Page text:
I am wondering, why do you need a multi-purpose theme that has shop, blog, magazine, corporate layouts and unlimited features. These authors also put some pre-built layouts which you may never use. Why pay then $70-80?
WordPress & Support
Being an open-source solution, WordPress doesn’t have any support available. If you or your developer want to address a specific issue, it means that there is no one to help you out. It also means that you either pay someone for support or spend countless hours searching for a solution in community websites and forums for developers.
If you are a blogger and need only to post articles from time to time, go ahead and use WordPress. If you need a fast and custom website, you should consider a solution which considers your content from the very beginning.
Optimize CSS, JS and Image files
CSS & JS
One of the proven ways to speed up any type of website or app is to reduce the sources used. Such minification means to get rid of all excessive characters from your HTML, CSS and JS files.
A good practice is to remove white spaces, new lines in the code, comments and any additional unused code you may have.
By doing this, it will speed up website load time and reduce the code that needs to be requested from the server.
Some great online minification tools:
- CSS Minifier (https://cssminifier.com/)
- CSS & JS Minifier (http://www.minifier.org/)
- CSS Compressor (https://csscompressor.com/)
Plugins for the automated task systems:
- Grunt: grunt-contrib-uglify
- Gulp: gulp-uglify
- Grunt: grunt-contrib-cssmin
- Gulp: gulp-minify-css
Website performance depends to a large scale on the way images are displayed. Rendering of images is tightly connected with user experience. Achieving good UX, which satisfies website’s visitor, means to pay attention to their specific circumstances. One of these is the load speed which is a major factor in user’s perception of overall experience. Websites that use many media files should be optimized as much as possible for different internet connections.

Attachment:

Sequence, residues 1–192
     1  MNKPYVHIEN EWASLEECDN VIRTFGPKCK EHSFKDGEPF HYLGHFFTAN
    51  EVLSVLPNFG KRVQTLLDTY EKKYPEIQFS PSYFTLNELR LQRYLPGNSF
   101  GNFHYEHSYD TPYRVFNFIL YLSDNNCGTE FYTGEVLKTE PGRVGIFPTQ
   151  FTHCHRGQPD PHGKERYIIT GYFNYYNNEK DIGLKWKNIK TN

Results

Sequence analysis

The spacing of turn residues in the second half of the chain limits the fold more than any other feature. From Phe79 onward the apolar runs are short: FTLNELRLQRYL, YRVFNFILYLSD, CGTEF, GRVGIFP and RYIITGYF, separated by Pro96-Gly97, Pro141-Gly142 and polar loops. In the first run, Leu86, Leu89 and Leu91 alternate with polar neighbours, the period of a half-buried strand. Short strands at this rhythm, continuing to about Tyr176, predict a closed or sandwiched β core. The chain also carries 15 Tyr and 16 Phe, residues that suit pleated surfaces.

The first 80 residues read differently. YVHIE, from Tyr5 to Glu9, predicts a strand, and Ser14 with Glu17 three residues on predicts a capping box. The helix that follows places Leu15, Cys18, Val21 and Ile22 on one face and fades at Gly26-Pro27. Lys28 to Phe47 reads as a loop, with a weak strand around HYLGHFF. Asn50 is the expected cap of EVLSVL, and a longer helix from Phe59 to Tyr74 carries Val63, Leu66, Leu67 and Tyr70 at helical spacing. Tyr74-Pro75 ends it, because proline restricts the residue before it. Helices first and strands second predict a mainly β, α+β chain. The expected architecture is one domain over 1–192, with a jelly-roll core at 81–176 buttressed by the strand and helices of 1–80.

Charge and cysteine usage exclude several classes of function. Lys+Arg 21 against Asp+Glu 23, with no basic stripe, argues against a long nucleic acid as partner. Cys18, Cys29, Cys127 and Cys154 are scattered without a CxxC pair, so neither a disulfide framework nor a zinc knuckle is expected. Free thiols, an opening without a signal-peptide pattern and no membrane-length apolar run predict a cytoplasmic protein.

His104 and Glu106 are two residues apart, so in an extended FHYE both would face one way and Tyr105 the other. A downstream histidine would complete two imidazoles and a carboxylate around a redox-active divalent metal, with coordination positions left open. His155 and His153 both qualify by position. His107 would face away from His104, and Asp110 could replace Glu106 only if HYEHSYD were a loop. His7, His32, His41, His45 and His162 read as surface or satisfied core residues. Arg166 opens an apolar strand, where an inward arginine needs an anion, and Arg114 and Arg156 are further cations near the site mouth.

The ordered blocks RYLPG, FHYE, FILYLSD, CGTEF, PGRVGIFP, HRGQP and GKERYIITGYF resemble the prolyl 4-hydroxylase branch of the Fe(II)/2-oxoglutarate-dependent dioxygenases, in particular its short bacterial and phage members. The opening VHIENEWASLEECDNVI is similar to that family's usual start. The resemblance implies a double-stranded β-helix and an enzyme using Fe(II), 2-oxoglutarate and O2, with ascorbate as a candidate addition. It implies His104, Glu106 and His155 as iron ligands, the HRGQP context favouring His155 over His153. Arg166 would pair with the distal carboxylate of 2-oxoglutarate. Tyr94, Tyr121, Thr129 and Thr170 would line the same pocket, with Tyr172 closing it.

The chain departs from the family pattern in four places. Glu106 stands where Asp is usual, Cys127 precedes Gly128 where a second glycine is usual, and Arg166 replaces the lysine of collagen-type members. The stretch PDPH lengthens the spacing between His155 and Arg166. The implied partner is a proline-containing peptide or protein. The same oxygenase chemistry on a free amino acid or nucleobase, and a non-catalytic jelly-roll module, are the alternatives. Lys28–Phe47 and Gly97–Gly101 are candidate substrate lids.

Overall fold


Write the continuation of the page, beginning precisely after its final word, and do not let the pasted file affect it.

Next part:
One way to do that is to serve all your media with Content Delivery Network (CDN) and employ caching to make sure all visual files are rendered swiftly.
Pay special attention to CSS, JS, HTML and image files. Proper minifying, caching and delivery should be used to ensure a blazing fast website or app.
Use Service Workers
Fortunately, there are new ways of speeding up websites and deliver better performance to users. Adding a service worker (SW) to your websites will offer rich offline experiences which is particularly important for users with problematic connections.
A service worker is a simple script running in the background, totally separated from a web page, which support offline interaction with content. It even includes features such as push notifications and background sync.
Here is how service worker works:
Service worker is a programmable network proxy, allowing you to control how network requests from your page are handled. (@GoogleDevelopers)
If you want a very fast website or app and you would like rich offline experiences for your visitors, opt for a service worker as it won’t disappoint you.
Better Performance = Better User Experience
We have already established that better performance means better user experience. Better UX is crucial for serious businesses and their success in the competitive world. Sometimes, an easy solution for building website ends up being a real nightmare.
Our professional team of designers and developers can help you plan and create your business website to delight your customers. Talk to us to start planning!